It has been noted that the properties of the said agent are such that there will be no permanent bonding or interference between the fabric and the stiffening fluid agent since the agent is solvent and non-reactive on dies used on fabrics (irrespective of whether the fabric is natural, synthetic or a combination of these). Thus the above invention provides a non-intrusive method which is equally applicable to stiff, stretchy or fine materials.
To aid fast preparation the agent is prepared by dissolving a concentrate in alcohol, for example, ethanol or similar solvent, thus forming the stabiliser base.
Generally a water soluble stiffening agent solution is prepared by producing a 15% mixture of Poly Vinyl Alcohol PVA (hydrolysation between 86.89 tool % and viscosity 30.50 cps) and 85% water. Prior to use the initial solution is diluted with Ethanol (99.8% strength) in the ratio of 1:2 i.e. one part of initial solution to two parts of Ethanol. If desired a fragrance may be added to the concentrate.
The use of a water based PVA diluted with alcohol (e.g. ethanol) has a two pronged effect. Firstly, it stops bacterial growth within the PVA so that it is not required to further treat the material. Secondly, the alcohol serves as a penetrating agent by lowering the viscosity of the solution thus carrying the PVA into every available space in the material and then drying in place. Thus diluting the initial water based PVA mixture with alcohol results in a superior products.
The use of starch in this connection is unsuitable because it is dimensionally too large to penetrate the small spaces between the strands forming a single fibre in the material.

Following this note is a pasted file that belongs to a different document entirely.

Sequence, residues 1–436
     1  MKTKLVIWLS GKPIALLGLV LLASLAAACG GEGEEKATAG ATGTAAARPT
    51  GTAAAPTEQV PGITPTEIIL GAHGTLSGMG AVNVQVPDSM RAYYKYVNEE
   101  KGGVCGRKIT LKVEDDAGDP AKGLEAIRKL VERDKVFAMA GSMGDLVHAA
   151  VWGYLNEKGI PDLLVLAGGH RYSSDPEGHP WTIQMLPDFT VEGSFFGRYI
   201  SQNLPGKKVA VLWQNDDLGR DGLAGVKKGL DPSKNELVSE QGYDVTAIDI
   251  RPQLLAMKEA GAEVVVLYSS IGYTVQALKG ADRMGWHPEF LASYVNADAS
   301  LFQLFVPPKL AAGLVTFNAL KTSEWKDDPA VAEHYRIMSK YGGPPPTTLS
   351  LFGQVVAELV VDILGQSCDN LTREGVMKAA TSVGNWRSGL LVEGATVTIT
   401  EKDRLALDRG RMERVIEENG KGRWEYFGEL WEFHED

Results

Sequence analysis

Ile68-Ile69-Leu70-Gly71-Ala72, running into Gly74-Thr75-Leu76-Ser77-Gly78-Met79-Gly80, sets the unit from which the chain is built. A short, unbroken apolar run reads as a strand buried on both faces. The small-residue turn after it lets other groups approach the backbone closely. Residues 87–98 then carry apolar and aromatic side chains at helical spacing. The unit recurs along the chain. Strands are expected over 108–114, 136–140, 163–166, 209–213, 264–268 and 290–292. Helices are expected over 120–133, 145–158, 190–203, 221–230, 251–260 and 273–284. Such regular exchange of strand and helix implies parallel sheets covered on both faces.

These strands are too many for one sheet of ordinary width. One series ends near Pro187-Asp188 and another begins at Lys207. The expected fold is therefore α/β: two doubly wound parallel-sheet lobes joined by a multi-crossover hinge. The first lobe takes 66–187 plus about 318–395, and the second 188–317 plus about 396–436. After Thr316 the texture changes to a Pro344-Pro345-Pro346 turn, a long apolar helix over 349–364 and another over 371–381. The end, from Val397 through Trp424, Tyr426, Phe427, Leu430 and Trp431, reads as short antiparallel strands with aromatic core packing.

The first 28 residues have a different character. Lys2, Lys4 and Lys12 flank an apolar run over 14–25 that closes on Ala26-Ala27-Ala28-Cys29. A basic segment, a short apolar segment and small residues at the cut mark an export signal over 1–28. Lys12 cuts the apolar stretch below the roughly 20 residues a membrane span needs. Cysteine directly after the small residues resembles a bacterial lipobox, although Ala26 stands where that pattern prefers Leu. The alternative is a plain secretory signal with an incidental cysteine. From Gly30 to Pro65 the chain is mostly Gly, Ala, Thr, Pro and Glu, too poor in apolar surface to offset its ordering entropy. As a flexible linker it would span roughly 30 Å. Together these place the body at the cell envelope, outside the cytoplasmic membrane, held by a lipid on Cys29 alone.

The method although particularly suited to embroidery work is equally adaptable and useful in many other sewing applications. A further advantage in using the stabiliser is found in the cutting and sewing of the materials. Doing so not only improves the accuracy of cutting, but it also stops fraying of certain fabrics. Another use of stabilising is in the process of applique where the component parts are stabilised, then heated with an iron to adhere together and onto the garment. It is then a simple matter to complete the sewing operations. Thus the secondary effect of the stabiliser is adhesive. In summary, the treatment of fabrics by impregnation with a water soluble agent stabilises the fabric so that the fabric will not readily stretch in any direction, behaving as if it were a solid piece of material, yet soft enough to bend during the sewing and allowing the needle to penetrate the fabric easily. The stabilised fabric can now be transported by the sewing machine foot uniformly and accurately, without damage to the machines mechanism, nor requiring any special skill required by the operator.
When all sewing operations are completed, to return the stabilised fabric to its original state it is necessary to remove all traces of the stabiliser. Since the stabiliser is water-soluble all that is required is to rinse the fabric on completion of the sewing. It is sufficient to perform this even in cold water. Washing step will dissolve and remove all of the stabiliser from the treated fabric.
As can be seen from the above, the stabilising or stiffening of the fabrics will not only solve one of the biggest problems experienced in sewing, but will also make many operations possible hitherto considered otherwise, and will accomplish this simply and cheaply. As a result it is now possible for anyone to afford to produce garments of high quality with ease. It is also noted that stabilising of fabrics will also be the preferred method in industrial situations in some instances where for short runs or special problems it will prove cheaper and more practical than investing in expensive new machines.
It is also noted that the invention includes a method of preparing a stiffening agent as well as the agent itself that is used for the method outlined above for preparing a material by its impregnation therewith. The stiffening agent includes a mixture of water soluble solution. The mixture preferably includes Poly Vinyl Alcohol. Furthermore this mixture includes addition of further alcohol. The alcohol is preferably Ethanol.
The invention furthermore includes the fabric prepared by the method or the stiffening solution.